The second step uses a Western blot test. Used appropriately, this test is designed to be "specific," meaning that it will usually be positive only if a person has been truly infected. If the Western blot is negative, it suggests that the first test was a false positive, which can occur for several reasons. Sometimes two types of Western blot are performed, IgM and IgG. Patients who are positive by IgM but not IgG should have the test repeated a few weeks later if they remain ill. If they are still positive only by IgM and have been ill longer than one month, this is likely a false positive.
The CDC does not recommend testing blood by Western blot without first testing it by ELISA or IFA. Doing so increases the potential for false positive results. Such results may lead to patients being treated for Lyme disease when they don't have it and not getting appropriate treatment for the true cause of their illness. For detailed information on test performance and interpretation of serologic tests for Lyme disease, see the CDC recommendations.
Presently, physicians perform laboratory testing such as the ELISA and Western Blot for testing Lyme disease. Over the last 10 years, the ELISA has been shown to be an unreliable test in many patients with Lyme disease, both in early infection and later disease. This is mostly due to the lack of sensitivity of this test.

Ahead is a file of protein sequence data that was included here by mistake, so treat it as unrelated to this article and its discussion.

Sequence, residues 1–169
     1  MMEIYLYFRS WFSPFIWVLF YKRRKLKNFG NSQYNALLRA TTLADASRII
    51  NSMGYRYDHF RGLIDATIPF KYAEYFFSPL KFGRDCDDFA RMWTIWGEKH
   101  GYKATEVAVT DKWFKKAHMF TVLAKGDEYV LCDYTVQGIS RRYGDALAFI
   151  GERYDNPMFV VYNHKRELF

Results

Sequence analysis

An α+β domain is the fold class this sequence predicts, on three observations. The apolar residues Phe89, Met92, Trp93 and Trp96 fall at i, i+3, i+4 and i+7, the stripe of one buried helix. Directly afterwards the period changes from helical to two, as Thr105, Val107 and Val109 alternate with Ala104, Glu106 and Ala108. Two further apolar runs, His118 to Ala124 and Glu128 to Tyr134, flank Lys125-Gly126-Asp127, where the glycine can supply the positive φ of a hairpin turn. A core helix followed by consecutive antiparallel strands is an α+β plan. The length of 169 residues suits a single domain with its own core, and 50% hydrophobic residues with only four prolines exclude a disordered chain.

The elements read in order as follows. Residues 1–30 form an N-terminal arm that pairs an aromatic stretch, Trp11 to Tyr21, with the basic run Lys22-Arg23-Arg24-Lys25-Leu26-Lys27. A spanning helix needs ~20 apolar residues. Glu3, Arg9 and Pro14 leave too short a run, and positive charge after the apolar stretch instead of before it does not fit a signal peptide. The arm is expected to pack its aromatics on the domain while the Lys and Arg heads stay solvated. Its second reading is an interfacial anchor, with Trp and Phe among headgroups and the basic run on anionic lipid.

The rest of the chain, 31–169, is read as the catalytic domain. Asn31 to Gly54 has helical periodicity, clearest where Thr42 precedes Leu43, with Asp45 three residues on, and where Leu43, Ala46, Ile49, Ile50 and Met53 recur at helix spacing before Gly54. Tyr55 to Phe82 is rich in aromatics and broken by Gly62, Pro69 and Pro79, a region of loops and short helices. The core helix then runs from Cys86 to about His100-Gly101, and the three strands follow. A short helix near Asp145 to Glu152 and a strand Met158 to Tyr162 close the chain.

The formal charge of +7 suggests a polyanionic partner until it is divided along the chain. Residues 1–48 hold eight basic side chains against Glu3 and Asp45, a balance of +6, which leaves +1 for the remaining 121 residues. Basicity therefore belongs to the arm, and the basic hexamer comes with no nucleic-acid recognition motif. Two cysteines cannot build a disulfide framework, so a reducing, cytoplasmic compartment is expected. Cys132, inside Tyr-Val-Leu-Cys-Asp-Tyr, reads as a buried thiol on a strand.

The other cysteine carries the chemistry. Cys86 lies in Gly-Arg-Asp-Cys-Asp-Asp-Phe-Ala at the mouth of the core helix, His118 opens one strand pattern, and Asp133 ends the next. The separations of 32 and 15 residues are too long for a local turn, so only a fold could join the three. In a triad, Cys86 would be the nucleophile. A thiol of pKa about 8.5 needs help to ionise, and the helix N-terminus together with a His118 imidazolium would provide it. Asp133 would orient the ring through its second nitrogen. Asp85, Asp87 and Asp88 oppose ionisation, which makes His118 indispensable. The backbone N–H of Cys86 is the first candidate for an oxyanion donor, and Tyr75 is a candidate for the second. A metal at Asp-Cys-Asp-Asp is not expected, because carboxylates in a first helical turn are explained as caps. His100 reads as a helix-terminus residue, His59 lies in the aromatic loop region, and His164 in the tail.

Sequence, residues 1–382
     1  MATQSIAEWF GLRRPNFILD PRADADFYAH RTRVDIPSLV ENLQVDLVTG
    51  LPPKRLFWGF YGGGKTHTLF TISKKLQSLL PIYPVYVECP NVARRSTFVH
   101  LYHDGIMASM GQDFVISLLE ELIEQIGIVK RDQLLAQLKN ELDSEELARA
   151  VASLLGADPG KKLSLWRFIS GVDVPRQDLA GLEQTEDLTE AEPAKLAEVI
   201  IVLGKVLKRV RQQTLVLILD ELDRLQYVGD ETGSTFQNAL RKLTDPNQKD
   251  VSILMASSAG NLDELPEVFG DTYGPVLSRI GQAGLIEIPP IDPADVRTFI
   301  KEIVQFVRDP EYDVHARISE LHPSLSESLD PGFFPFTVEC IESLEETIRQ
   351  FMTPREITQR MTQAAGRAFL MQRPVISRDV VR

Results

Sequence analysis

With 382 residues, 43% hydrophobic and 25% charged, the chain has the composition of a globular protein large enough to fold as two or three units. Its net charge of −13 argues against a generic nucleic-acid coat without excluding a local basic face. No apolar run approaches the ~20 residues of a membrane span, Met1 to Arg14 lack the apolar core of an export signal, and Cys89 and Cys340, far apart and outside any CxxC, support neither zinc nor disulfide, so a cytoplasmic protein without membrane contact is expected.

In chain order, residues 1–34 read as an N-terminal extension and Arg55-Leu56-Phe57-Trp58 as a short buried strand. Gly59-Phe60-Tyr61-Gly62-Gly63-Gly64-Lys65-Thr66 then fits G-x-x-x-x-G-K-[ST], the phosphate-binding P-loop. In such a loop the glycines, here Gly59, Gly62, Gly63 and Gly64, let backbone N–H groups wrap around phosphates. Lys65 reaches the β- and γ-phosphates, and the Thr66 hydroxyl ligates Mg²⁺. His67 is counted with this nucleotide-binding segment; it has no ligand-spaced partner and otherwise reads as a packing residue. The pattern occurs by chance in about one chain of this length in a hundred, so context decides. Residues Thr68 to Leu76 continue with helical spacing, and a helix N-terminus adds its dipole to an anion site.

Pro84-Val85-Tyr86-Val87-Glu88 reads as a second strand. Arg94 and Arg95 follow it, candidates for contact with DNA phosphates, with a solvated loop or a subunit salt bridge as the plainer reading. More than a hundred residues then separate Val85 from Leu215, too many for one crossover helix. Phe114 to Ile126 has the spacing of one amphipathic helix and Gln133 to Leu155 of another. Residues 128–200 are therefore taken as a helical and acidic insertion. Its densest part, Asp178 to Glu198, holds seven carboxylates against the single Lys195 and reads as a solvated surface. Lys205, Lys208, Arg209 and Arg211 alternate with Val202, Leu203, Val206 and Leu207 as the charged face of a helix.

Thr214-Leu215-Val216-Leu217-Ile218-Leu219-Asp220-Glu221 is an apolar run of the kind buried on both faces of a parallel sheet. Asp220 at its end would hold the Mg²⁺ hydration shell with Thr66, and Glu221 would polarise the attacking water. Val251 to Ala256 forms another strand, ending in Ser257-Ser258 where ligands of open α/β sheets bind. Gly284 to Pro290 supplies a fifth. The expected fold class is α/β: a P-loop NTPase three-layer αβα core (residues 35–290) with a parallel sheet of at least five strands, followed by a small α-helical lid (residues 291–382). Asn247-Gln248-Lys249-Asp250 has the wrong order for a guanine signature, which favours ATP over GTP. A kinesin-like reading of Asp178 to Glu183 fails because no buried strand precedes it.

Because Western blots separate the proteins of the Borrelia, specific reactions can be visualized and more accurate interpretations of the results made. Over 75% of patients with chronic Lyme disease are negative by ELISA, while positive by Western blot.
If a person suspects Lyme infection, s/he should seek medical attention immediately. Despite the CDC recommended protocol, the Western blot is the most sensitive test and is the best indicator of disease. Therefore, if ELISA testing is negative, patients should request the Western blot test from their physician.
Infectious Disease physicians are the most knowledgeable in treating Lyme disease and should be consulted concerning appropriate blood tests and diagnostic testing results.
One authority writes: "...doctors (infectious disease, internists, family practice, etc.) most often use the Centers for Disease Control (CDC) criteria to define a positive test...To adequately detect and treat chronic Lyme disease, physicians must understand that standard tests will miss the majority of these cases. One must undergo more specialized testing and a multi-system integrative treatment approach to achieve success in the majority of patients. If one uses an expanded Western blot with revised CDC requirement criteria for diagnosis, studies have demonstrated an improved sensitivity of detection of over 90%, while having a low false positive rate of less than 3%."
There is a great deal of controversy today concerning the diagnosis of Lyme disease. This controversy surrounds the accuracy of diagnostic tests, interpretation of testing results and treatment plans. Consult your physician, and if necessary an Infectious Disease specialist in Lyme disease.
Weintraub P. Cure Unknown: Inside the Lyme Disease Epidemic. St. Martin's Press, 2008. ISBN: 978-0-312-37812-7